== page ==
Who is the French chef responsible for such delectable eroticism? Can we meet the sorceress who is, in fact, a Chef Patissier trained in haute cuisine for Les Relais & Chateaux?
Severine Meillard – a reincarnation of Juliette Binoche in the film Chocolat – is from Brittany, and has chosen to work culinary magic that goes way beyond the making of a cup of decadently rich cocoa in the quiet village of Huskisson.
Upon my request, she knocks at the door on our last night, tray in hand. She unwraps her offerings with the finger-tip intensity that befits an art form: home-smoked salmon, handcrafted buckwheat waffles, spinach cumin pancakes, walnut crusted avocado.
“We will do something like this if our guests ask, but it’s only early days,” she confides.
If I were to give an award to this woman who, on her day off, bakes brioche as light as fairy floss to pleasure a guest, it would be pretty simple – ‘Best Chef in the World.’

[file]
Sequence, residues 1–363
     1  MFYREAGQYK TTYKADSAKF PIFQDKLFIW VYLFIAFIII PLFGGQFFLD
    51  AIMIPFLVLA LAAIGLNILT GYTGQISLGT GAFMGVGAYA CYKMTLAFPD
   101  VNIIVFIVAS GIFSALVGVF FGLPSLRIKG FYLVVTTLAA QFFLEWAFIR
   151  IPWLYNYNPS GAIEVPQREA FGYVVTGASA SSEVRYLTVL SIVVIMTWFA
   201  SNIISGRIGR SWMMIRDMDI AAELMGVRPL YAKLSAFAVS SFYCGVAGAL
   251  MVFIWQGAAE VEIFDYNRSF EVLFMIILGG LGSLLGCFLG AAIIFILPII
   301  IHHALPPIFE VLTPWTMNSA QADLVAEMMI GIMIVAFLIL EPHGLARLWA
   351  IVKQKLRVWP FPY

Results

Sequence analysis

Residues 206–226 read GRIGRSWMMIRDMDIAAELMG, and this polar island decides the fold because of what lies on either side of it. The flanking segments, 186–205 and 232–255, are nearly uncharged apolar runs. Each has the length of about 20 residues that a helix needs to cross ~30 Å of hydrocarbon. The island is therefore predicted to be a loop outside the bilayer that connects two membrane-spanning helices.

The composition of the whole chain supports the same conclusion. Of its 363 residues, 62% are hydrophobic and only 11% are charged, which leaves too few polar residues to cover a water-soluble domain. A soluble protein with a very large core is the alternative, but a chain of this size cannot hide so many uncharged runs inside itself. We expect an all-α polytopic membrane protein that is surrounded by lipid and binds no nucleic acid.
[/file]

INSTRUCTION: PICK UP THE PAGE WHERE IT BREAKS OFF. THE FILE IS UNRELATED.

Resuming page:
Raise a glass – and maybe purchase an alpaca
Almost a dozen cellar doors are making the most of cool coastal breezes and fertile soils along the Shoalhaven wine trail. The vineyards extend over a long distance – from Kangaroo Valley to Termeil – so we were glad to have the Wineknot tour bus with a designated driver.
There’s a beautiful spot in the vines to sample the wines at Cambewarra Estate and extra bang for your buck if you’re inclined to sit in a giant pink teacup (for high tea) or sample the regional tasting plate (oysters, olives and such).
On the Outskirts of Berry, at Silos Estate, there’s a cellar door experience (with local cheeses) in the old dairy shed (circa 1870), complete with alpacas. They’re for sale. Not on the plate, obviously, they wouldn’t fit! Last year the owner sold 18 of his beasts. This year? Nothing. After a few wines, it’s the sort of thing that we considered but luckily, alpacas don’t fit in cars. Not even those that are lined up at the electric vehicle charging station outside the cellar door.
Jervis Bay Wild – Whale watching eco-cruises from $65 per adult and $28 per child.
Djiriba Waagura – Djiriba Waagura interpretive walk.
Bay and Bush Cottages – Eight unique self-catering cottages in the midst of the Australian bush.
Feature Image: Shoalhaven Tourism
See more: New South Wales travel
Anabel Dean is a freelance travel journalist. You can follow her on Instagram @anabel.dean20
Anabel was a guest of Shoalhaven Tourism all thoughts and opinions are of her own.